Building Networks in Burundi

Point of View by Nicole Rumeau, Africa Program Associate

Jun 03, 2004

The first time I visited Burundi, its rolling hills, green valleys, and friendly faces genuinely charmed me. It was hard to imagine the decades of pain and violence that plagued this small country. The conflict between Hutu and Tutsi—in Burundi as in neighboring Rwanda—has led to the deaths of hundreds of thousands and to the displacement of more than two million people in the Great Lakes region.

The Africa Program's Burundi Leadership Training Project (BLTP) seeks to bring together those individuals who have the greatest influence on Burundian society to break this cycle. Because of the deep-seated mistrust between Hutus and Tutsis, government and rebels, the participants in the Africa Program's workshops probably would never have had an opportunity to work together.

These workshops provide participants with invaluable leadership and negotiation skills, which they in turn are using to create innovative independent future projects. But for me, most remarkable are the relationships that are developing and the network being created among people who normally would never have communicated so openly with each other.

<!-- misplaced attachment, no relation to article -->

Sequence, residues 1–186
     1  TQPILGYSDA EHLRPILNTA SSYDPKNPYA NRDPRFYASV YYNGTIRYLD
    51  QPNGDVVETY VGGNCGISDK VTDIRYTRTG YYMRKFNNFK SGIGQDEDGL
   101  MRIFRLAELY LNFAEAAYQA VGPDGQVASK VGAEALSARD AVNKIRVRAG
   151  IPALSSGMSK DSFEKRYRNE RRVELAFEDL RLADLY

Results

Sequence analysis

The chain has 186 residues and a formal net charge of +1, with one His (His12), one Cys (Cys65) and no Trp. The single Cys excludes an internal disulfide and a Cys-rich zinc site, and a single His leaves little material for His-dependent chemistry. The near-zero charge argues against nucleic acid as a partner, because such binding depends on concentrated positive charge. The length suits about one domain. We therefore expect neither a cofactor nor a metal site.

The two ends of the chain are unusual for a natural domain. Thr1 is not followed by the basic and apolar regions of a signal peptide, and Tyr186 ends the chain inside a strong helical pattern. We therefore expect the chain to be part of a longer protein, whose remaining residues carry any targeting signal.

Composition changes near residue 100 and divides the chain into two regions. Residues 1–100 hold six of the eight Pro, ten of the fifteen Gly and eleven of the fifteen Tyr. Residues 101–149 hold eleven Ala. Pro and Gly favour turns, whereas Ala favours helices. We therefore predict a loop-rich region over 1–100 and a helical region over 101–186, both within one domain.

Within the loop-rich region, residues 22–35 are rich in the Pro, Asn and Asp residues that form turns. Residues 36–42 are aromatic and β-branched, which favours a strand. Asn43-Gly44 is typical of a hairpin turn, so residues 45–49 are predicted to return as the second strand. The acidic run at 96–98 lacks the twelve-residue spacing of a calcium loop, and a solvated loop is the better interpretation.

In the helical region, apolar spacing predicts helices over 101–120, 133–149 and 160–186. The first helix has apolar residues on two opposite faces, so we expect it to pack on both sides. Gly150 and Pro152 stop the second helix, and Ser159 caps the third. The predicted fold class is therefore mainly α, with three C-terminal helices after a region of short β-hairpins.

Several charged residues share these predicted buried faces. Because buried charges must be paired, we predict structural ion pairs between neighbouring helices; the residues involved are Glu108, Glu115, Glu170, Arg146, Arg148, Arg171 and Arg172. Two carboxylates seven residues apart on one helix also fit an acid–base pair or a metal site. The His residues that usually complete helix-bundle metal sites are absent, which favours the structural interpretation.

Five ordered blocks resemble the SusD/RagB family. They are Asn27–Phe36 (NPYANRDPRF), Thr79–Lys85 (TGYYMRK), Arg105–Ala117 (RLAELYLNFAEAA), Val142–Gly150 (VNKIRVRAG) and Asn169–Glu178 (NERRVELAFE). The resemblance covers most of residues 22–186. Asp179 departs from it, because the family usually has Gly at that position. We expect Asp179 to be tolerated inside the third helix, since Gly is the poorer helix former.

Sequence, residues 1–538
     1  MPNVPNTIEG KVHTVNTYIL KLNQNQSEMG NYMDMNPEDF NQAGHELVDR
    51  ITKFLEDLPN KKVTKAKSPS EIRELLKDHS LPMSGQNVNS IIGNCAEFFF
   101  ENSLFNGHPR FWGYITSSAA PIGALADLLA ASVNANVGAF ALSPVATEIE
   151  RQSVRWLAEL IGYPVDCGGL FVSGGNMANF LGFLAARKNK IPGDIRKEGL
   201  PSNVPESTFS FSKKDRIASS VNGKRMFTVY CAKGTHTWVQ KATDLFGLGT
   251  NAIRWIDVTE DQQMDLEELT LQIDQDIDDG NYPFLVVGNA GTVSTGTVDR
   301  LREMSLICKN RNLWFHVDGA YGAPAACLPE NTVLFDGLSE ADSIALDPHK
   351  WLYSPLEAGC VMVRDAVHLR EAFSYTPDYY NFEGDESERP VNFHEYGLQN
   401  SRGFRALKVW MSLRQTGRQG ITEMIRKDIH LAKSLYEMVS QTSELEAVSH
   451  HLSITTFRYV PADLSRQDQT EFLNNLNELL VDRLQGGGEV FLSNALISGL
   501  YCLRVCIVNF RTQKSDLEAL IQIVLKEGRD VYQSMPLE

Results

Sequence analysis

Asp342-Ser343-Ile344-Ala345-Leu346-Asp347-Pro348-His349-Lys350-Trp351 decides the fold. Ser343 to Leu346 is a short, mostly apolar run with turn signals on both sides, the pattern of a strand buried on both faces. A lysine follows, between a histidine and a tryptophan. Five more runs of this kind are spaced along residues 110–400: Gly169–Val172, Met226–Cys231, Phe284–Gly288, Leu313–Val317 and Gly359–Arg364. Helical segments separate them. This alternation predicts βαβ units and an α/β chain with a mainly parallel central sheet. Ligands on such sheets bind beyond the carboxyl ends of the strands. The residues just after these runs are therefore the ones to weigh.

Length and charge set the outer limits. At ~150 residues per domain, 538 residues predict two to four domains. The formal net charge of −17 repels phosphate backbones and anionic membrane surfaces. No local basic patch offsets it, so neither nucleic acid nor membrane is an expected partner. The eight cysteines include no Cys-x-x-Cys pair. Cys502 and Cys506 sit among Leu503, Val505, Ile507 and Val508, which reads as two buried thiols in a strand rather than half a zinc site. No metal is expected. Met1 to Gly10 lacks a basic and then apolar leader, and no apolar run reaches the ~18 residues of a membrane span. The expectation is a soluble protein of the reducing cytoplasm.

The key to breaking the cycle of violence and hate is finding what makes us all human. The BLTP has helped Burundians do just that. Not only are participants in the BLTP forming strong political relationships, they are forming strong social bonds on a personal level. Not only are they calling each other personally on critical issues of state, they are calling each other to announce the births and marriages of their children.

Networks emerging from the BLTP are just the beginning of what I believe will be a trend. As Burundi enters a new period of transition, these networks can ease political tensions and further strengthen a new partnership for a peaceful Burundi.

Experts & Staff